Training[edit]

Training a Cherokee Medicine Person took years due to the vast amount of knowledge needed to practice.[8] They would learn secrets and formulas that they would record in ledgers. When a medicine person would learn new secrets and formulas it is important that they are not interrupted while recording their knowledge.[10] It is also important that if one is not trained to use the knowledge they should not try to practice it without proper training. Another part of training was going into the mountains where they would dance, sing, and tell stories for seven days while learning new secrets from the little people. On the seventh day the Medicine People would dance in a circle at the darkest hour while the drums get louder while they danced to sacred songs. [9]After seven days they would return and go back once a year to pass down secrets to the little people. A Cherokee Medicine person is always learning new formulas and secrets to help aid the wounded within their tribe.[9]

Modern Day[edit]

Modern-day Cherokee Medicine people are not considered "shamans", because they consult other medicine people for medical advice. But there are not that many traditional Cherokee Medicine people in today's society. They are still very important to the Cherokee tribe. In order to seek help from a Cherokee medicine person you need to know someone in the tribe in order to proceed. Calling or trying to contact a Cherokee Medicine Person is forbidden[8] The reason why many tribal members still seek medical attention from Medicine People is because they do not believe that modern medicine is going to help them. They believe that herbal remedies will take away the sickness if used in correct amounts. If the tribe were to share any of this knowledge to outsiders, then it would make these herbal practices and rituals weak.[9]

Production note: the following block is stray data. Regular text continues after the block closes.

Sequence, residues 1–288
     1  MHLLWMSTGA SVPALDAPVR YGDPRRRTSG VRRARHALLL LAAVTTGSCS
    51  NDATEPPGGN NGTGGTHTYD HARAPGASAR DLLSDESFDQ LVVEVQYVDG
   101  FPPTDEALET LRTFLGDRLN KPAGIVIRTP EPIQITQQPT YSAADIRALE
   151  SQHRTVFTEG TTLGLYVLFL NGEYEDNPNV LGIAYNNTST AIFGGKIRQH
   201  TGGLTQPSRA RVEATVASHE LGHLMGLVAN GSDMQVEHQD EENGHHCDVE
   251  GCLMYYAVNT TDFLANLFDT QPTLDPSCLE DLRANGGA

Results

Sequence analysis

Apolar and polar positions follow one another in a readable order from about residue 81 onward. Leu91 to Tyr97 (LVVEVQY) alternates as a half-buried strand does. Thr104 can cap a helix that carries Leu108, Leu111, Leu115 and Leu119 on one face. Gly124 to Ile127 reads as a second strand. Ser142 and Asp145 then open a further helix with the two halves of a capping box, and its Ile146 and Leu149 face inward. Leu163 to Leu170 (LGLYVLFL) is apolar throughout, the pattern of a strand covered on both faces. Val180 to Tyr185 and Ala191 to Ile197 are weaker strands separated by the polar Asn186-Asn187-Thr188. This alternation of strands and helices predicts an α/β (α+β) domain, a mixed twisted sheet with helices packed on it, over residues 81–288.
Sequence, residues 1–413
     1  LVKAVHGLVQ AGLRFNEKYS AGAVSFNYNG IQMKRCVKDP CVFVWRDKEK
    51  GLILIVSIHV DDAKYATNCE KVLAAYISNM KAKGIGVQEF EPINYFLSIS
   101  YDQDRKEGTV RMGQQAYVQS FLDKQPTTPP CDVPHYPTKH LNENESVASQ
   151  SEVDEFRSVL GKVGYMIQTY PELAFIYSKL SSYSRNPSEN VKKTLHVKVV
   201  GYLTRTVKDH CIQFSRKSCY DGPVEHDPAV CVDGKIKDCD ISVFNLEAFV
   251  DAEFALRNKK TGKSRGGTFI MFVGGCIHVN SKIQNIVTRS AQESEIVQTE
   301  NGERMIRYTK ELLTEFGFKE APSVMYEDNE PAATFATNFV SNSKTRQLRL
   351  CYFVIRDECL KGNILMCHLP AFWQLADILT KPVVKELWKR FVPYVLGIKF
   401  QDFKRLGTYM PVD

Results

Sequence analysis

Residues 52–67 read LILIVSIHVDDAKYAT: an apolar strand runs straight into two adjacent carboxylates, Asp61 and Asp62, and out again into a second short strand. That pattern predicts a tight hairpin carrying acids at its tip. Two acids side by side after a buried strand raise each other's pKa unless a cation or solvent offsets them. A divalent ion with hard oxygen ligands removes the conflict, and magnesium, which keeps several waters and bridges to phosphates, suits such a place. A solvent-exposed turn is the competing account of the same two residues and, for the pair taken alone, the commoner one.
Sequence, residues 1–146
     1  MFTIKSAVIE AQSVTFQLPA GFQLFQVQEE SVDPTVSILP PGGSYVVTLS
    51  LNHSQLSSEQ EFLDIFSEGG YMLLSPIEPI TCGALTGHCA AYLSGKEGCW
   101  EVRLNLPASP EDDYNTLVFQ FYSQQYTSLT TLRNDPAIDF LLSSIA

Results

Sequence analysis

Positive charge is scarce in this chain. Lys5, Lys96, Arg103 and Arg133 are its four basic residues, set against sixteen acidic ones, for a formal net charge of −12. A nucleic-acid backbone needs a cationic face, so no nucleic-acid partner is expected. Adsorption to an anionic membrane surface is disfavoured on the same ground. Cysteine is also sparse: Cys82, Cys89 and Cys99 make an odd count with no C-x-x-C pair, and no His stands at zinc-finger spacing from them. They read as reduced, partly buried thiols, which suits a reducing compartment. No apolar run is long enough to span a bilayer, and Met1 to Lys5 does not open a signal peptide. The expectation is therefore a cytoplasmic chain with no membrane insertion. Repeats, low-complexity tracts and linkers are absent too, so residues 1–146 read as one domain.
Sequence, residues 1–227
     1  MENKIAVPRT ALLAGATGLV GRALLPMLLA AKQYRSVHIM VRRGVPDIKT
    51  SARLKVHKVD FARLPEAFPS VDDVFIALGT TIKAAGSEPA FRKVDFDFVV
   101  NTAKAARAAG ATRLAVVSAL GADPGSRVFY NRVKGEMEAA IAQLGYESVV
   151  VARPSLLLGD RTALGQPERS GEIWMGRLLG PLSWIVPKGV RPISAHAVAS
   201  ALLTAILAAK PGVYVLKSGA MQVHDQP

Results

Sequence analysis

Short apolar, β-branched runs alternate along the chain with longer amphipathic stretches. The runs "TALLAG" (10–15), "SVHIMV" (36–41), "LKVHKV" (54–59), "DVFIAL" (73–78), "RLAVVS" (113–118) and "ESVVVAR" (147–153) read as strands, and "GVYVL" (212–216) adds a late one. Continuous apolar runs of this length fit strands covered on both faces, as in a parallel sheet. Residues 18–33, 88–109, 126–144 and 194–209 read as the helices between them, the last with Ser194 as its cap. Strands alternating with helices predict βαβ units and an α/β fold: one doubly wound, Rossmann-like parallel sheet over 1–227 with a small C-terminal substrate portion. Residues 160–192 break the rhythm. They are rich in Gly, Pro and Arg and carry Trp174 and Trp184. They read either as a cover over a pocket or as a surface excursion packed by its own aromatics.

See also[edit]

Notes[edit]

  1. ^ Fienup-Riordan, Ann. (1994). Boundaries & Passages: Rule and Ritual in Yup'ik Eskimo Oral Tradition. Norman, OK: University of Oklahoma Press, p. 206. Nushagak, located on Nushagak Bay of the Bering Sea in southwest Alaska, is part of the territory of the Yup'ik, speakers of the Central Alaskan Yup'ik language.